Judæa was at that time a province of the great Roman empire, and the civil authority was vested in the governor, Pontius Pilate, and a body of Roman soldiery. The Romans, however, did not interfere much with the affairs of the Jews, and there was little trouble in carrying out a plot. A formal charge against Jesus was made by false witnesses, [62]and he was arrested as a common criminal. After being examined by the high priest, he was led to the governor for trial. "And they began to accuse him, saying, We found this fellow perverting the nation and forbidding to give tribute to Cæsar, saying that he himself is Christ, a king."

Pilate now took him within his palace for a private interview, and could find no fault with him. Nor did King Herod, to whom the case was referred, differ from the governor as to the prisoner's innocence. Pilate therefore appealed to the people in behalf of Jesus, but a multitude of angry voices shouted, "Crucify him!" "Crucify him!" "And so, Pilate, willing to content the people ... delivered Jesus ... to be crucified." He was crucified, as we know, between two thieves, and over his cross was the superscription written by Pilate, in three languages, "This is Jesus, the King of the Jews."

Seven times, while he hung upon the cross, did the suffering Saviour speak aloud. "Father, forgive them," was his first exclamation, "for they know not what they do." His next words were to the thief on one side, who begged to be remembered when Jesus should come into His own: "This day shalt thou be with me in Paradise," was the reply. Then his thoughts turned lovingly to his mother, who stood with John by the cross. "Woman, behold thy son," he said to her, indicating John. Then turning to John, he added, "Behold thy mother." A moment of agony followed, when he cried, "My God, my God, why hast thou forsaken me?" After this, he [65]said, "I thirst," and a soldier held to his lips a sponge wet with vinegar. As the end drew near came the words, "It is finished," and at last, "Father, into thy hands I commend my spirit."

Antwerp Museum

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In Van Dyck's picture we see nothing of the surroundings of the Crucifixion—the Roman soldiers, the curious crowd, the sorrowing friends, or the crucified thieves. Only the solitary figure of Jesus, nailed to the cross, is lifted against the strange dark sky. For three hours, as we read, there was darkness over all the land, followed immediately, after the death of Jesus, by a great earthquake. This is the moment when the storm-clouds are gathering over the face of the sun, causing its light to gleam luridly through the thick covering. The cross is rudely built of two beams in the form which is called a Latin cross. A fluttering scroll at the top of the upright beam carries the accusation "The King of the Jews."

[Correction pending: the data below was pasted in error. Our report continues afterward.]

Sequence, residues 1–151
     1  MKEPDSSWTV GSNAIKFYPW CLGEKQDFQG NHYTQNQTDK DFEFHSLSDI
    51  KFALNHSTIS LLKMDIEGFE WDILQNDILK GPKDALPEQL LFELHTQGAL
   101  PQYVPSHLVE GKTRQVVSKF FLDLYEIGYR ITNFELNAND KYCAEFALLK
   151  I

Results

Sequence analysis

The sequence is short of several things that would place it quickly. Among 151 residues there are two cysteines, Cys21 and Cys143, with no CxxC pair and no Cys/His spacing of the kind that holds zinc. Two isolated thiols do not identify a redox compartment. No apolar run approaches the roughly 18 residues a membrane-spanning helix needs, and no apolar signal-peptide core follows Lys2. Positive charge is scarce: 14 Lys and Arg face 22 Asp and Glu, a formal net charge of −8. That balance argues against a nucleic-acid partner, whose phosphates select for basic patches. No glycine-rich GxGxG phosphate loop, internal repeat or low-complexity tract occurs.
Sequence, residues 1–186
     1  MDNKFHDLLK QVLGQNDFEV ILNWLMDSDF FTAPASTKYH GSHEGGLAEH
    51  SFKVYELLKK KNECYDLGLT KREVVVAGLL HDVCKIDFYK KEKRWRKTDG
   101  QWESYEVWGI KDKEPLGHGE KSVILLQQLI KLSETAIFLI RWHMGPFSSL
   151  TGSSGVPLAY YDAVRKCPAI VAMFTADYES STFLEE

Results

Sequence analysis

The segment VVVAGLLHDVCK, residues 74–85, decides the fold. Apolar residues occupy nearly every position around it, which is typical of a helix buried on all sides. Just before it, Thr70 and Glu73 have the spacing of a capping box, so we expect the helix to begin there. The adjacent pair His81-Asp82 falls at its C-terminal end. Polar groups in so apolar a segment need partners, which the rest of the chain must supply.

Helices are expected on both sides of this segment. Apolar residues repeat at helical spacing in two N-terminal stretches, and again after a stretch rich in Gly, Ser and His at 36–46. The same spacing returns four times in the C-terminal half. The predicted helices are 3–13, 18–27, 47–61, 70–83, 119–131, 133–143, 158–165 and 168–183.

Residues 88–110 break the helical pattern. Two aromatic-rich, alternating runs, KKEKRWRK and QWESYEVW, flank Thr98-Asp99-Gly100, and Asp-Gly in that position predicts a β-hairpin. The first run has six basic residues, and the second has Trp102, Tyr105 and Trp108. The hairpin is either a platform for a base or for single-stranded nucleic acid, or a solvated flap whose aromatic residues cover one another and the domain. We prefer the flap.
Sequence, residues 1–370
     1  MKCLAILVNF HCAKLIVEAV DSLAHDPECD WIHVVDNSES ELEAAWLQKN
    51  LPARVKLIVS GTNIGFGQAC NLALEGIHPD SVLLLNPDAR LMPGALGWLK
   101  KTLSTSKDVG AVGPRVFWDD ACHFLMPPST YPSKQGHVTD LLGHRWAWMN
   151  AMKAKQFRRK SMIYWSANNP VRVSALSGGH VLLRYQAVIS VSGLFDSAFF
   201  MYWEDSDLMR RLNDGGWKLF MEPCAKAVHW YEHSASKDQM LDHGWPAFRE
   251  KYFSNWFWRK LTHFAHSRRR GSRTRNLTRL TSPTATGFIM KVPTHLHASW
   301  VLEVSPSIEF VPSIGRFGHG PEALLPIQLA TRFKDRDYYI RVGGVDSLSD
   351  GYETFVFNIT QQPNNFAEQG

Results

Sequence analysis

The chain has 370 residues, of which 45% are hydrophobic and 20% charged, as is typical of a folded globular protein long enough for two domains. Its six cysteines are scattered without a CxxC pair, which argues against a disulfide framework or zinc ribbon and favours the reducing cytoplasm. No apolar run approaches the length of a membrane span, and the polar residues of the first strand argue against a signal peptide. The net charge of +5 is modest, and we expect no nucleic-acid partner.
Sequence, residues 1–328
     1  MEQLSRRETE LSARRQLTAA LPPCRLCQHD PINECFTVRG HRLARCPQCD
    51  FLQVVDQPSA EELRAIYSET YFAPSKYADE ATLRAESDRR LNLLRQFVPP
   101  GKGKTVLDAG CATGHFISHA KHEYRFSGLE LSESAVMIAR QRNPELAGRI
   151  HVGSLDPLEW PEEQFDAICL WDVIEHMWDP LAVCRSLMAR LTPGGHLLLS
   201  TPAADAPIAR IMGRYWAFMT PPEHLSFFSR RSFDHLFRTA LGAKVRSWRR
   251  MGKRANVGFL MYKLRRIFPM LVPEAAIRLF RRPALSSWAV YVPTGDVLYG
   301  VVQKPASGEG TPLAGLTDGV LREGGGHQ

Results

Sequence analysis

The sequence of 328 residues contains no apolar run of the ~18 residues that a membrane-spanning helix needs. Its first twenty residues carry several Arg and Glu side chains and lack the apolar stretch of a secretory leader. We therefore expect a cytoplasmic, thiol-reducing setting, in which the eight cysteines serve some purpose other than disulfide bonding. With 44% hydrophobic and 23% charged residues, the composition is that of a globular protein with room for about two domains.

The garments of Jesus had been stripped from his body and divided among four soldiers. He now hangs naked upon the cross save a small strip of cloth knotted about his loins, the loose ends hanging at one side. The body is somewhat slender and delicately modelled, but firm and supple as of one in the fulness of manhood. The hair falls in dishevelled locks about the face, and a mysterious light shines above the head.

As we look at the picture, each one must decide for himself what moment in the great drama is illustrated. From the expression of suffering on the[66] countenance we judge that the end is approaching. From the lifted face and open mouth we see that the sufferer communes with his Father.

The Crucifixion is the saddest subject a painter could choose, yet notwithstanding this, it has been one of the most important subjects in Christian art. Van Dyck painted it many times, and expressed, as we see here, a deep sense of the tragic nature of the scene. Yet he always avoided those harrowing details which make some of the pictures of the older masters too painful to contemplate. For this reason his crucified Christ has been chosen as the model for the Crucifixion scene in the Passion Play at Ober-Ammergau.

We may see how wide was the range of our artist's gifts, which extended from such joyous pictures as the Rest in Egypt to a theme so solemn as the Crucifixion.




James Stuart, Duke of Lennox, was one of the most prominent personages at the English court. His uncle was a cousin and trusted friend of King James I., and the relations between the nephew and Charles I. were even closer. Immediately upon taking a degree at Cambridge, the young nobleman entered the royal service as Gentleman of the King's Bedchamber. He was just thirteen years of age, and a born courtier. "His courtesie was his nature, not his craft," quaintly says one historian. While still in his minority, he visited France, Italy, and Spain. When Van Dyck came to England, he became at once one of the painter's most frequent sitters.